The overarching question imparting urgency to this exploration is: Can U.S.-Russian contention in cyberspace cause the two nuclear superpowers to stumble into war? In considering this question we were constantly reminded of recent comments by a prominent U.S. arms control expert: At least as dangerous as the risk of an actual cyberattack, he observed, is cyber operations’ “blurring of the line between peace and war.” Or, as Nye wrote, “in the cyber realm, the difference between a weapon and a non-weapon may come down to a single line of code, or simply the intent of a computer program’s user.”
A seminar with Marsin Alshamary, Research Fellow, Middle East Initiative and PhD candidate in Political Science, MIT.
A light lunch will be served.
The Shi’a religious establishment of Iraq has an extensive history of political engagement in both formal and informal politics, including protest. This talk will explore the determinants of clerical participation in anti-government protest throughout Iraqi history and examine when Shi’a clerics are leaders of protest and when they are followers. It draws upon extensive fieldwork in Iraqi seminaries to identify mechanisms of clerical engagement in politics and to dispel the myth of Shi’a clerics as instigators of protest. It applies this theory to both historic instances of protest as well as on-going events in Iraq today.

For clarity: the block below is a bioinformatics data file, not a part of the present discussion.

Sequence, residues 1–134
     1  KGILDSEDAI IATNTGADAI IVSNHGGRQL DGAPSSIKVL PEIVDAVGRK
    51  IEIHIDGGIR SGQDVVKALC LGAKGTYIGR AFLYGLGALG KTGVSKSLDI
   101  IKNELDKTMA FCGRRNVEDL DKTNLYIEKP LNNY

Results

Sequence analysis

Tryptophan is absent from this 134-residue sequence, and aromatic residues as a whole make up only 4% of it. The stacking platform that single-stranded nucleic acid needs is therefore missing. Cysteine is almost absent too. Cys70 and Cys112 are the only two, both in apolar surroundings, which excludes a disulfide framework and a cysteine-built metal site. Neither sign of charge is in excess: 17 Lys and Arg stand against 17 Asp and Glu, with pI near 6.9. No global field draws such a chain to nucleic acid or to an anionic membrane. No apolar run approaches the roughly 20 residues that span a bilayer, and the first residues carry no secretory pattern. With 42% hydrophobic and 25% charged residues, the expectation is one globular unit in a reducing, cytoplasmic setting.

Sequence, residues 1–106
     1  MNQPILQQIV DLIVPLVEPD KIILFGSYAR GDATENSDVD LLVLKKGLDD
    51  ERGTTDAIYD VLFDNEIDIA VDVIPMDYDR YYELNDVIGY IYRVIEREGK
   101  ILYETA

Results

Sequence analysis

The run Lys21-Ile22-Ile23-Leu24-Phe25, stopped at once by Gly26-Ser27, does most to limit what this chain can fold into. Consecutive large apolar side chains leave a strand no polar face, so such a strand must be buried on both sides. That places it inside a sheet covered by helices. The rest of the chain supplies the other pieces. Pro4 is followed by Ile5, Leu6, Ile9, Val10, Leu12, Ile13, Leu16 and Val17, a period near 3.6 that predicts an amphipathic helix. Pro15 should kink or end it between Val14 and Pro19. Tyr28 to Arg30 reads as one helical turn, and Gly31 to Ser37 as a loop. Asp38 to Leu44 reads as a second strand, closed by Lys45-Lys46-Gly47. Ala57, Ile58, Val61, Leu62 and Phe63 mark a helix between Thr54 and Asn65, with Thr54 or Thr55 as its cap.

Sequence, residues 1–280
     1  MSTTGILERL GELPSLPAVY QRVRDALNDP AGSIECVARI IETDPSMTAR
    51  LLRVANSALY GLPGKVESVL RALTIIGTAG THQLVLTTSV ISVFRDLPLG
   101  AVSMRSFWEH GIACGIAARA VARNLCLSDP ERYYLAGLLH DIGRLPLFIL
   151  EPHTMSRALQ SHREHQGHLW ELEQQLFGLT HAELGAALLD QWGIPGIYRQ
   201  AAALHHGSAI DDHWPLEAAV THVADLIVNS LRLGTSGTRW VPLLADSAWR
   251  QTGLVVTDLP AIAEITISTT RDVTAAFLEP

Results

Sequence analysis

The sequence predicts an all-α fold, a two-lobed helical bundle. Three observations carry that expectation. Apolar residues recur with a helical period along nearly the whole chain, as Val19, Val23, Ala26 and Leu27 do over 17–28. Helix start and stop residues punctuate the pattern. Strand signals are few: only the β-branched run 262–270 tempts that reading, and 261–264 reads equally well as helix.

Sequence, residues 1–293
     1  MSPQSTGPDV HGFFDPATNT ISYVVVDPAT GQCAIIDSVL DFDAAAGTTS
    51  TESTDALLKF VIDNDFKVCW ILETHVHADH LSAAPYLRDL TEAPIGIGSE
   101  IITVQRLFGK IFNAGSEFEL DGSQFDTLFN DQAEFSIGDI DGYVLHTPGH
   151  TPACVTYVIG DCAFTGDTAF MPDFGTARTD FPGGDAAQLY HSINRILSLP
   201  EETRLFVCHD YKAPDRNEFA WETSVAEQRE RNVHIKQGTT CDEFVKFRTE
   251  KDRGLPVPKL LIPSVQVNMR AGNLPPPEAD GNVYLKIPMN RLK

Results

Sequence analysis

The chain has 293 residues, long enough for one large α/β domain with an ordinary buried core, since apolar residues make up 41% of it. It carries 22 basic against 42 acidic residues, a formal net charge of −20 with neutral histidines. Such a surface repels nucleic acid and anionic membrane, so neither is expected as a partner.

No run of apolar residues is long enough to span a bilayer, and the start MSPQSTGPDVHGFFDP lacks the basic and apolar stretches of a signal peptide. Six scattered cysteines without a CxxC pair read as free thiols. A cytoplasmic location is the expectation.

About the Speaker
Marsin Alshamary is a Pre-doctoral Research Fellow at the Middle East Initiative. She is a PhD candidate in the Department of Political Science at Massachusetts Institute of Technology where she is also part of the Security Studies Program. She is generally interested in the intersection of religion and politics in the Middle East, with a particular focus on clerical involvement in the formal and informal politics. Her dissertation explores the role of religious leaders in anti-government protest in Iraq. Her research has been supported by fellowships from the Project on Middle East Political Science and the Center for International Studies at MIT. She holds a BA from Wellesley College, where she was an Albright Fellow.